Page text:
I guess I’m in a spicy mood today to do a little revealing dive into the relationship that Savers has with charity. I will be un-partial in this article to whether or not I think Savers’ operation is good or bad and provide facts that are readily available to the public through various credible websites.
What we will cover includes if Savers is in fact a charity thrift chain, some relationships that they have been a part of and a general outlook on this type of business model.
Is Savers / Value Village a Charity Store?
The simple answer to this question is no. Savers is not a charity thrift store. In fact, they explain this in detail several times on their website. “We’ve chosen to keep our business model this way—to buy our supply from local nonprofits.” We pay our nonprofit partners for your stuff, helping them fund programs in your community.” “Shopping in our stores does not support any nonprofit.”
It sounds a little tricky, if Savers is a for-profit “charity” thrift store, what type of business model is this actually?
To be honest with you, the type of business model is actually genius from a capitalistic standpoint. Savers has a relationship with a charity organization within their stores and essentially pays the charity by-the-pound for your donations. Things they want and think they can sell; they pay a certain $ per pound (this information is unavailable to the public) and things that they don’t want and do not think fit their store standards they pay a less amount per pound and then “recycle.” Like I said, this amount is undisclosed to the public but certain partners have gone on record saying that Savers will pay $40,000 and then flip that donation for $1 million.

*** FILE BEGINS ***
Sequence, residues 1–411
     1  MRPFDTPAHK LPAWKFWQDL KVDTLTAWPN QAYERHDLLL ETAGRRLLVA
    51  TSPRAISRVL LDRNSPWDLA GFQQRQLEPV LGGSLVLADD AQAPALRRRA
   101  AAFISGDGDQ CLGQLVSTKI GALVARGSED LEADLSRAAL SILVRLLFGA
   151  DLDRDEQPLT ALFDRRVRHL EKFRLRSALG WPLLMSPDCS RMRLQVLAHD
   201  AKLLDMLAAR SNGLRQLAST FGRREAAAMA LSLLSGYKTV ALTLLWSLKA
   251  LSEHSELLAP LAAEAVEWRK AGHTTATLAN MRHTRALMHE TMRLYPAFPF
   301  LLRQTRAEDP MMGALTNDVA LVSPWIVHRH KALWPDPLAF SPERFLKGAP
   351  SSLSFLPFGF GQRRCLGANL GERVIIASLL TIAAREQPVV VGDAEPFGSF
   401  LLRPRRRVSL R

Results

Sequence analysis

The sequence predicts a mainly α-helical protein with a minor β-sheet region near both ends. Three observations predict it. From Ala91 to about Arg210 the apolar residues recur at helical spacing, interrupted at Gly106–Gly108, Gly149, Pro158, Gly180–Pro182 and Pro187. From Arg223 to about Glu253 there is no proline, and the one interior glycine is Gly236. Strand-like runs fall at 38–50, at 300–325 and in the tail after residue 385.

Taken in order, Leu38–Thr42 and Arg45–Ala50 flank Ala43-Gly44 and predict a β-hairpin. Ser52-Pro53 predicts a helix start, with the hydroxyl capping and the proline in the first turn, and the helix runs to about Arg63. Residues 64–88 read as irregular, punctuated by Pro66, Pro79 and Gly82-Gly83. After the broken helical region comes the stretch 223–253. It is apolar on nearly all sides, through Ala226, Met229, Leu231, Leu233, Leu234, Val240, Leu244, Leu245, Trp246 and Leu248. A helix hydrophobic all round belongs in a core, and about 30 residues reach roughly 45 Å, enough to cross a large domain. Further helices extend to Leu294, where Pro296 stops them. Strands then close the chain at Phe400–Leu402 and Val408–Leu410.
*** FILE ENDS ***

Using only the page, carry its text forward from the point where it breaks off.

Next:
The recycling is where things can get a little tricky. If they take after the model of the textile recycling centers, what that usually means is that they would ship the unwanted clothing overseas to a buyer that will pay them more per pound than they purchased it for. I’m not saying that is exactly what they do at the Savers recycling warehouses, but it would be hard to convince me that they send clothing over-seas on their own dime.
Savers and Charity Relationships
Several of the nearly 100 charity organizations that have been associated with the Savers organization have severed ties. According to an NBC article, 3 of 6 have cited unfavorable terms and conditions. Director of the Boston area Big Brother Big Sister Foundation was cited saying the following: “If you’re making a million, and we’re making $40,000, how is that helping charities?” “It may be legal, but it’s not right.”
Other charities associated with the Savers organization have openly come out in the defense of the for-profit conglomerate stating that public funding for charities has dried-up and if it weren’t for Savers’ purchasing contributions, they may not make it.
It’s fair to say that the business model that Savers has developed has certainly benefited charities as well as itself. Although Savers does not report its financial performance to the public, their yearly revenue has estimated to reach $1.2 billion according to Moody’s Investor’s Service.
As a business owner myself, I find this business model to be fascinating. The problem I could see would be if the general public is deceived into thinking that their donations go directly to benefiting the charity associated with the business, when actually it does not. In the case of Savers and Value Village, the charity does receive compensation by-the-pound when Savers pays for the clothing. They then put the clothing into their stores and price them to make a profit. What is unwanted goes into their recycling center.
I know in recent times; Savers has created an announcement that plays over the telecom during business hours reinforcing the fact that they are a for-profit company. The next time you are in Savers, try to pay attention to the telecom to hear the message.
-Ian Drake, Diversity Consignment